“I just wanted to build a weird car.” Of all the reasons I’ve heard for building a unique vehicle, Dave DelTorto’s has to be the most honest.
Though ‘Prancing Moose’ owners are fairly rare among our current contributor roster, every Speedhunter is capable of identifying a great build when we see one. And even with the hood shut, this Volvo 242 looks pretty damn good for a car that was engineered to be odd.
It’s a tidy car that draws attention via visually-subtle modifications rather than over-the-top exclamation points. But starting anywhere other than under the hood makes little sense.
Five Cylinders Out Of The Ordinary
For a bespoke swap, the engine bay sees a factory-level attention to detail. The organization here is a direct result of the mechanical sensibility taken from many years spent under the hood of BMW, Audi and Porsche vehicles. “I’ve been a mechanic my whole life,” Dave mentioned as he went on to explain how his hobby took him from his home garage to Wyotech, and now a speed shop of his own, Victory Auto Design. Throughout this time he’s maintained a steady stable of either all-wheel drive or rear-wheel drive European cars.
Both Dave’s father and uncle worked for Volvo before he got his license, but despite riding around town as a passenger in those cars, Dave’s first vehicle turned out to be a Saab. He tinkered with Saabs before moving to BMWs, and that ran parallel to an equal interest in Audi vehicles. This is where Dave grew to truly appreciate the Audi 20V AAN engine.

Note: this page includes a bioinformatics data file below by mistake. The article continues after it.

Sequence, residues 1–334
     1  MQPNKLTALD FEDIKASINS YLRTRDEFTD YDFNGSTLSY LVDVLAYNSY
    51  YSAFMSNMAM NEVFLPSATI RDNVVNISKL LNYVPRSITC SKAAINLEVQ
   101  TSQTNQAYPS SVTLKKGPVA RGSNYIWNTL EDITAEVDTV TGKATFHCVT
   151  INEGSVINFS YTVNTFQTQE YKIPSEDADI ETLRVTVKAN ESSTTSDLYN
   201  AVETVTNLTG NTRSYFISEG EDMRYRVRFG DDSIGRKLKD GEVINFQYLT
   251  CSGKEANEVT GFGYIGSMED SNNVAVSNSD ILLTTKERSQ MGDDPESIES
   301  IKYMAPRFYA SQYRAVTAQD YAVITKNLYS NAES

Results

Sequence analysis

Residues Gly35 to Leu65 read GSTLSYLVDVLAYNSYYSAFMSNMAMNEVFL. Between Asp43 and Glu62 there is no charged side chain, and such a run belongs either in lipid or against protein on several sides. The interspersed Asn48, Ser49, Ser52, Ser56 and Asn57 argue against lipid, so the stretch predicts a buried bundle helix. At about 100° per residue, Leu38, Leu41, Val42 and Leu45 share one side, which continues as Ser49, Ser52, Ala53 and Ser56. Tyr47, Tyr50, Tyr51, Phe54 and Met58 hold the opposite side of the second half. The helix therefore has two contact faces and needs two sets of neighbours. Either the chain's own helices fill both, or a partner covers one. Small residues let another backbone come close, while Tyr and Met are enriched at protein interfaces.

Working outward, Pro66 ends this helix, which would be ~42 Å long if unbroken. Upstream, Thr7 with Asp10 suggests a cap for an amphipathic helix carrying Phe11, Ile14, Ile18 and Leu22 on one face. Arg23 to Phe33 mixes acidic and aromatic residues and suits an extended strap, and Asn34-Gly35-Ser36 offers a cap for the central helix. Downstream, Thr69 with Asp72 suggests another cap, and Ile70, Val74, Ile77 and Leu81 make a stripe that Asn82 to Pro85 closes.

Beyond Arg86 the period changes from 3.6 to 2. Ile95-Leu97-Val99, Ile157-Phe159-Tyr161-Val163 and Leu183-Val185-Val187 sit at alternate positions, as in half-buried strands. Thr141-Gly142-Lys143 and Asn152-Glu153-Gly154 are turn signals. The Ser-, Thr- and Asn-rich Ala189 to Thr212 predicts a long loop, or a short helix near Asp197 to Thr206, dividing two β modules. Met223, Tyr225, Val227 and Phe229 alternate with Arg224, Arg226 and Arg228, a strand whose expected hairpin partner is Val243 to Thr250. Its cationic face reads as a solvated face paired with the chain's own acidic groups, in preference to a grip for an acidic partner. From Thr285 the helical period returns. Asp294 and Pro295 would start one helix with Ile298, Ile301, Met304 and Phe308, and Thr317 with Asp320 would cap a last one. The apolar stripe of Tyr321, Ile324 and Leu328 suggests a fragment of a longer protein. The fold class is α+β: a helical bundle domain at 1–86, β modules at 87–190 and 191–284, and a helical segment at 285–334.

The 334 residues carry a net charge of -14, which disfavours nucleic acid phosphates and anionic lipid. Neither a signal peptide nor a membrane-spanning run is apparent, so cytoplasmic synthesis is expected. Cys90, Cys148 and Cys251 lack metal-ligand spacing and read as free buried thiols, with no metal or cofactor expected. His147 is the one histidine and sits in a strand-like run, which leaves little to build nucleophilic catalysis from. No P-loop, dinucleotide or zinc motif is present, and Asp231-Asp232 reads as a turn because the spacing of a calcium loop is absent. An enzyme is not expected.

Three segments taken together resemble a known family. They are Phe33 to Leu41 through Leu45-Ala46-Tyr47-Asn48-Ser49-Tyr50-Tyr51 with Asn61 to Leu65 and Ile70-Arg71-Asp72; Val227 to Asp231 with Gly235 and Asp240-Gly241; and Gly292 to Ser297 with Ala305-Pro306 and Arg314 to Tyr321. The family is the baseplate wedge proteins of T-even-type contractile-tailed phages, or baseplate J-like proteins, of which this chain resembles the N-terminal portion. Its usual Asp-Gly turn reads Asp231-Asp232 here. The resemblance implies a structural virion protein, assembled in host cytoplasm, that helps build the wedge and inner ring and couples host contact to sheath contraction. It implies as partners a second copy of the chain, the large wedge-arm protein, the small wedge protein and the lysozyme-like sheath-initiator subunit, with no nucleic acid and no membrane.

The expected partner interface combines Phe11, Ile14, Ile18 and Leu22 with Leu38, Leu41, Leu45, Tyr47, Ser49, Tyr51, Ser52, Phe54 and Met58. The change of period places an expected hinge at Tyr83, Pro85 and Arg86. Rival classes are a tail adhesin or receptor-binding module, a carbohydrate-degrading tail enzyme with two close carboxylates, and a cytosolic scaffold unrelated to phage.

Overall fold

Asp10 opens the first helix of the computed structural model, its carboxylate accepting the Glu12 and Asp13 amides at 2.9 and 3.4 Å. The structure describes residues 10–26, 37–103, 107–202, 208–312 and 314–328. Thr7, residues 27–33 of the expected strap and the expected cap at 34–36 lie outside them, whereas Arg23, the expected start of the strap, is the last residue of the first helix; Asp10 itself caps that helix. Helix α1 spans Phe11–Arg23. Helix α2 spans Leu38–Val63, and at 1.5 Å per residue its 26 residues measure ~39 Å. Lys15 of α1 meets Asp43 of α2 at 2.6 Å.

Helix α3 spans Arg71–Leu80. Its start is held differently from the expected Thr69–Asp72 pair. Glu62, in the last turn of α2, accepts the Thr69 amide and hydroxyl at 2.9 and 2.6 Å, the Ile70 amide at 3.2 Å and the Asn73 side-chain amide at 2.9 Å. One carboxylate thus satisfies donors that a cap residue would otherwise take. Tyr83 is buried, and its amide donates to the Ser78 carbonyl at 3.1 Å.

When viewing this car, Volvo purists have often reminded Dave that there is a five-cylinder turbo with the Volvo slash on the engine cover available, but the Audi mill proved more versatile as a swap candidate.
The Four Rings Performance-built 2.2L put down 430 horsepower on its last hit on the dyno after tuning via its Ecumaster PMU-16 engine management system, so it’s most certainly not stock. The top end of the engine features a Ferrara valve train, while the block is now home to JE forged pistons and Auto Verdi Racing forged connecting rods. A custom oil pan was used to provide better cross-member and ground clearance.
A 62mm Holset turbo with a 38mm TiAL wastegate can be found on the hot side, with a custom intake manifold affixed to the driver’s side of the engine. There’s also a custom intercooler and a 3.5-inch down-pipe flowing into a 3-inch exhaust system.
At each stage, care has been paid to make each iteration better than the last. Before the swap was finalized the engine bay was painted a battleship-inspired grey.
That colour continues from core support to trunk where the fuel system has been upgraded considerably. The factory spare tire well has been removed, offering up a clean slate for the 12-gallon universal fuel cell. To the left is a surge tank fed by dual Bosch Motorsport 044 pumps, with -8AN feed lines running to an 034 Motorsport fuel rail and 1,000cc injectors. The return line is -6AN and everything is managed by a Turbosmart fuel pressure regulator.
During its dyno run the motor was backed by a wounded BMW ZF transmission, but the extent of the damage only became apparent as the car was pushed, which did limit the final output. Dave has since fitted a new ZF 310 transmission (via a modified Volvo D24 bell-housing) with an 034 Motorsport flywheel, Sachs 707 pressure plate and a 6-puck clutch. Further down the driveline, a custom driveshaft runs into a Ford 31-spline 8.8-inch rear axle with 3.73 gears.